AMC’s zombie-themed drama The Walking Dead finished its six-episode run on Dec. 5 as the mostwatched basic-cable drama series ever among adults 18 to 49, averaging 3.5 million viewers in the advertiser-coveted demo. Charlie Collier, the network’s president, spoke with Multichannel News programming
editor R. Thomas Umstead about the success of the series.
MCN: Did you think The Walking Dead
would perform as well as it did?
Charlie Collier: It was a show we had
high hopes for from the beginning, but
you don’t go in thinking it’s going to be
the most-watched basic-cable show ever
among 18-to-49-year-olds. We always
thought it would pair very well with
[AMC Halloween horror-movie stunt]
We always thought that the strategy
of paring like-minded films with
series that had similar qualities specific
to the genre would do well for us, but
we’re obviously very pleased with the
MCN: Why did Walking Dead resonate so well with
CC: There were a lot of relatable elements to Walking
Dead that helped make it successful. It was a
genre piece that we launched during Halloween,
so we did a lot of marketing and promotion to turn
the premiere into an event. Add to that
Frank Darabont and Gale Anne Hurd —
Frank directed Shawshank Redemption
and Gale Anne knows something about
creating hits with Terminator and Aliens.
The talent on both sides of the camera was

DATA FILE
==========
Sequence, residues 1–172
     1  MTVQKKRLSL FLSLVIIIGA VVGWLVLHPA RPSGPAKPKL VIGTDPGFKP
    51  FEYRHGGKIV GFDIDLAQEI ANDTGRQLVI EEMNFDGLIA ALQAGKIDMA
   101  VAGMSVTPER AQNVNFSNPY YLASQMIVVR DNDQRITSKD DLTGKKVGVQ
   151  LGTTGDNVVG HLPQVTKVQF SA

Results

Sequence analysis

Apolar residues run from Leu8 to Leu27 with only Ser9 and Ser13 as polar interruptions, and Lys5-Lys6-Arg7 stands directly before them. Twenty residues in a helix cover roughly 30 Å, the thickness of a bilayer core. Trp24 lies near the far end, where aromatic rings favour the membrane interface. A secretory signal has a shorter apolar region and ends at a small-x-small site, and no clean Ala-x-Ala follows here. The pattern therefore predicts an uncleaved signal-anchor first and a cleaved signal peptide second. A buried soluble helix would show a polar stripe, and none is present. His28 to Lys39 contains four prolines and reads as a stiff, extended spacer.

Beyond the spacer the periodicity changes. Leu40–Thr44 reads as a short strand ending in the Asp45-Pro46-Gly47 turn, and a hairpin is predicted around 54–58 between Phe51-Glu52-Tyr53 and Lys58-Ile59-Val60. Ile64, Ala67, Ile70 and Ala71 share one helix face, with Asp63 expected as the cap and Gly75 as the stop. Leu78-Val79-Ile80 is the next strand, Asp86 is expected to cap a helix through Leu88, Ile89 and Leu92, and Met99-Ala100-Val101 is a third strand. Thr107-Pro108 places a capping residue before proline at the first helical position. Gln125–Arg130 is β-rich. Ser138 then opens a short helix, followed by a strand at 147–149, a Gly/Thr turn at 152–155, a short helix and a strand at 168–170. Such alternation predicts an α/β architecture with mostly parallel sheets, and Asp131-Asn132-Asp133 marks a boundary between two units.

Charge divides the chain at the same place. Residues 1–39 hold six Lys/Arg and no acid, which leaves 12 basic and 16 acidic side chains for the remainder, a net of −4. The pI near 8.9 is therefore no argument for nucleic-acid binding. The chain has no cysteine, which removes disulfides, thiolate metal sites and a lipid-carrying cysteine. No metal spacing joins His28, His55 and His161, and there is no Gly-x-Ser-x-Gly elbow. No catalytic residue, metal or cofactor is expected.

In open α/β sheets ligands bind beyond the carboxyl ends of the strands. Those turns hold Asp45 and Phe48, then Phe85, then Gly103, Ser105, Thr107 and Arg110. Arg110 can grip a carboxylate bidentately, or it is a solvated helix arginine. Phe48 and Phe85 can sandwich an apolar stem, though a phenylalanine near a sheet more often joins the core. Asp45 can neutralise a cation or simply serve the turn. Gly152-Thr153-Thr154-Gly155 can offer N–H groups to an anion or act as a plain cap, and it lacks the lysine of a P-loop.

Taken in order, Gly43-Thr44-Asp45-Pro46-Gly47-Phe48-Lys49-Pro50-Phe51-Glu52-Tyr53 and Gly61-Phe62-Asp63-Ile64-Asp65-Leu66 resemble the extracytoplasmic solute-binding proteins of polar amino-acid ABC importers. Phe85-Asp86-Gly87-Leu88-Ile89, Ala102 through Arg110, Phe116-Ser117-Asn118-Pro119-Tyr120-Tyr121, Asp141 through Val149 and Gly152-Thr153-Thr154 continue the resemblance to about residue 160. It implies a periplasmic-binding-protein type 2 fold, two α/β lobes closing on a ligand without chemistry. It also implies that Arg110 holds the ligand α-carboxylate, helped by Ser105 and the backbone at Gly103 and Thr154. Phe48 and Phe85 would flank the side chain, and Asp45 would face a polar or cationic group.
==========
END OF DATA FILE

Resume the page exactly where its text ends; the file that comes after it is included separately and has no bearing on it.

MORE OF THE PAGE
remarkable. There also were some universal
themes of survival and what one does
when faced with adversity.
MCN: AMC will produce a 13-episode
second season for The Walking Dead.
Do you think the series loses some of
its appeal by telling the story over a
longer 13-episode run, rather than six
CC: Not at all. We viewed this as an ongoing
series from the start. There are 80 editions of
the comic book and still counting, so the road map
for telling this story is perfect for series television.
Walking Dead is the first series where we didn’t do a
pilot, so in a lot of ways we viewed it as a six-episode
pilot that worked very well.
MCN: Will you look to tap the horror genre with another
CC: I think for those who love zombie stories,
there’s a lot for those fans, but it’s so much more. It’s
an amazing character drama and, in a lot of ways,
the hallmark of what our original series are.
It’s about one man’s search for his family — Rick
Grimes is a reluctant hero who hopes he can find
his wife and family in an incredible situation. The
universal questions of survival and what you would
do in a situation like that make it so much like a
universal character drama that, I think, has broad
appeal beyond the core horror fan.
MCN: Will you launch the second season next Halloween?
CC: We’ll be back in the fall next year, but we haven’t
figured out the exact date yet.
MCN: Can you duplicate Walking Dead’s ratings success
in its second season?
CC: What we’ll look to do is what we do for every series
— try to superserve a passionate fan base. Th ere are a
lot of consistent themes that run through Breaking Bad
and Mad Men and into Walking Dead — the quality of
the storytelling is high on all three, and each is led by
a very strong auteur — so hopefully Walking Dead will
continue to grow like those two series did.